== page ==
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Tuesday, September 17, 2013

Haskell: From unicode friendly to unicode embracing

Doesn't λ x ⦁ x  :  α → α look better and communicate more clearly than \ a -> a :: a -> a  ?

What are the problems with the second (current Haskell) form?
  1. The a in the value world is the same as the a in the type world -- a minor nuisance and avoidable -- one can use different names
  2. λ looks like \
  3. The purely syntactic -> that separates a lambda-variable and its body is the same token that denotes a deep semantic concept -- the function space constructor
APL was one of the oldest programming language and is still one of the most visually striking.  It did not succeed because of various reasons, most notable of which is that it was at its heyday too long before unicode.

While APL is the first in using mathematical notation in programming, Squiggol, Bananas and Agda are more recent precedents in this direction.

In short, its time for programming languages to move from unicode-friendly to unicode-embracing

Some stray thoughts incorporating these ideas into Haskell.
should look like λ rather than \
Lexical cleanups
Likewise → looks better than ->
In 1990, when haskell was first conceived, the designers made a quick and cute solution to making certain essential distinctions. The haskell 98 report  explains that there are six namespaces in haskell:  variables, constructors, type variables, type constructors, type classes and module names.  However there are only two lexical distinctions: identifiers starting with a capital letter and with a lowercase letter.

Today, 20 years on
  • In a more i18n-ed world, we know that capital and lowercase is hardly a universal distinction
  • Experience of teaching haskell suggests that the visual/habitual difference between foo and Foo is just too miniscule considering the weight that haskell-semantics puts onto it.  Too often, too many beginners are tripped up by this:  Misspelling frobnicate as frobnicte gives a more helpful error message than misspelling foo as Foo.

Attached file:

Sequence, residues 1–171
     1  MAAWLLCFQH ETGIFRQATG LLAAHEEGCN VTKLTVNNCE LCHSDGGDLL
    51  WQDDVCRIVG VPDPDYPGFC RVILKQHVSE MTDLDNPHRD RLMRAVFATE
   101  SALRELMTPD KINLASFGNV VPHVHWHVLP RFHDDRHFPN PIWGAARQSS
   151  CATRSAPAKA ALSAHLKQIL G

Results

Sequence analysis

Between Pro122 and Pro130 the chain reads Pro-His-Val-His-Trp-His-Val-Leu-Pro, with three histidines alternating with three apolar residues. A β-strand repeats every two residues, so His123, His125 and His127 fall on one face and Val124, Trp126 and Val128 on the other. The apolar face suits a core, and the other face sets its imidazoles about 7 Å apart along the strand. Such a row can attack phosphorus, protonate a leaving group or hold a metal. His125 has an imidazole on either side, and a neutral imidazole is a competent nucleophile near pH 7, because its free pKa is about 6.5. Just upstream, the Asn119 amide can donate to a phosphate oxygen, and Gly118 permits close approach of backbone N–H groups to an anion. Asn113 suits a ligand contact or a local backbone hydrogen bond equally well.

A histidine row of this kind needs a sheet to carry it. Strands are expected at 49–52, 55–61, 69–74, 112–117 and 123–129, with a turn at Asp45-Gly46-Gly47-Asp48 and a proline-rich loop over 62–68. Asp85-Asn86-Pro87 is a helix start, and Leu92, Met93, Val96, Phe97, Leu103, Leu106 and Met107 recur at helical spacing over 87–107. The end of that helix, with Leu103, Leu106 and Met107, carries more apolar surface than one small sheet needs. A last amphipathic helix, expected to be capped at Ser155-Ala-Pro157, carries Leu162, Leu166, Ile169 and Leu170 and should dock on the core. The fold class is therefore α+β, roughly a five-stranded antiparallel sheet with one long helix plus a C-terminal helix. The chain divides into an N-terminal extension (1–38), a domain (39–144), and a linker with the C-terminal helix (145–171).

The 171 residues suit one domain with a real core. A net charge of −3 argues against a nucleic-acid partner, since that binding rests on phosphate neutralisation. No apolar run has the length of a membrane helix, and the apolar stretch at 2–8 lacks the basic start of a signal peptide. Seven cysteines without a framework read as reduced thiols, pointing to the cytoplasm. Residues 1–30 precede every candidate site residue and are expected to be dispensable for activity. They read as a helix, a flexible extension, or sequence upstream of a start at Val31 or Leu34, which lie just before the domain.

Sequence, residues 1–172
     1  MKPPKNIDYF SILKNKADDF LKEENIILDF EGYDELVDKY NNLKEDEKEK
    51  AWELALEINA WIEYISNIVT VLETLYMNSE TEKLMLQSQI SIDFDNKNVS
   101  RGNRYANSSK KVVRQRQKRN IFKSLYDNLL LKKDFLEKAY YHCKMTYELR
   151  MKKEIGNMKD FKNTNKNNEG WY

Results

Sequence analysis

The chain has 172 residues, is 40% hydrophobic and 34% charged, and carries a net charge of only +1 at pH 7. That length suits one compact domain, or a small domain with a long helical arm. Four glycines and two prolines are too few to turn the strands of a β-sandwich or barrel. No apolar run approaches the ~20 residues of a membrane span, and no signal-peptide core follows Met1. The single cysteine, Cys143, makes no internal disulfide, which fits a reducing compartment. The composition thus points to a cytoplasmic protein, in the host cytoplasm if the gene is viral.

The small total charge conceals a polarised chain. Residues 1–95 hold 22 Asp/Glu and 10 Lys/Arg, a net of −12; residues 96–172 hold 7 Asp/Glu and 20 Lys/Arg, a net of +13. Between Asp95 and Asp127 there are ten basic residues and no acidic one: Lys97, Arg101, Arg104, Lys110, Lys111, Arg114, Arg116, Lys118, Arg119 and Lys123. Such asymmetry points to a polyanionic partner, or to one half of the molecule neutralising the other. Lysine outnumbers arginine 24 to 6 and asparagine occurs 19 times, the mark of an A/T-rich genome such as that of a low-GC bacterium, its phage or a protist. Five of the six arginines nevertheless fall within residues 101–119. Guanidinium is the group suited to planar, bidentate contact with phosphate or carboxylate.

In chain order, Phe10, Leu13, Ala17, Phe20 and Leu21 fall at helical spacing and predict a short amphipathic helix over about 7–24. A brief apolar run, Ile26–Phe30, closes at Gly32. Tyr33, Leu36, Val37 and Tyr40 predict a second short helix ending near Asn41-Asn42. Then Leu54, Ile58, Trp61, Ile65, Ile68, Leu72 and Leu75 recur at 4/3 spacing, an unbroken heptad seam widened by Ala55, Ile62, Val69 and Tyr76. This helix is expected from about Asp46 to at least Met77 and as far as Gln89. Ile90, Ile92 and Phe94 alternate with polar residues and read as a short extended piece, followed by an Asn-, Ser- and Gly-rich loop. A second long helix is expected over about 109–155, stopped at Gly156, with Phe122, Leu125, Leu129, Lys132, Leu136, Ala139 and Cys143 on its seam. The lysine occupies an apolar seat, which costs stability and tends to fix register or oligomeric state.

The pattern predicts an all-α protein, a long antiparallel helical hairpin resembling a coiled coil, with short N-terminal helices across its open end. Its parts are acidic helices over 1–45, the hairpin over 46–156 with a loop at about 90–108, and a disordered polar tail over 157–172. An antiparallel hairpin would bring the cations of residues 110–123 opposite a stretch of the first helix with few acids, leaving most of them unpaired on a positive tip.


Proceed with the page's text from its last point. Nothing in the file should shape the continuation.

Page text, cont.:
This is the reverse of what should be.
I suggest that given that unicode is a couple of orders of magnitude richer than ASCII, a visually less ambiguous choice be made to lexically distinguish fundamentally different classes of identifiers.

 For example…
Type variables
As with classic Hindley-Milner, use α, β for type variables.
[Anyone who's taught FP will know how hard it is for beginning students to not mix up the value-world and the type-world. A little lexical support would go a long way towards avoiding confusion]
Pun cleanups
  • The -> in the type a -> a and in the lambda-expression \a -> a is an unnecessary and unfortunate pun.
  • The completely useless and confusing pun between the singleton list [1] and the list type [Int] makes for a lot of student (and teacher!) grief. Likewise tuples.  Tuples is admittedly messy because (α × β) × γ  α × (β × γ) and  α × β × γ are different.  For lists however, following set theory which uses ℘ ℤ for set of sets of ℤ (integers), likewise I would prefer L Int or even better ℒ Int for lists of Int
  • Many other such lexeme-cleanups possible once unicode-embracing is accepted in principle. Isn't it about time that C's legacy && and || are replaced by ∧ ∨ ?
Use of more of the newly available parentheses for collection types
Disambiguate the module member referencing dot from the function composing dot.

And (yeah this is controversial) following Dijkstra, use a dot different from the the standard ASCII '.' for function application (see apply in SICP)

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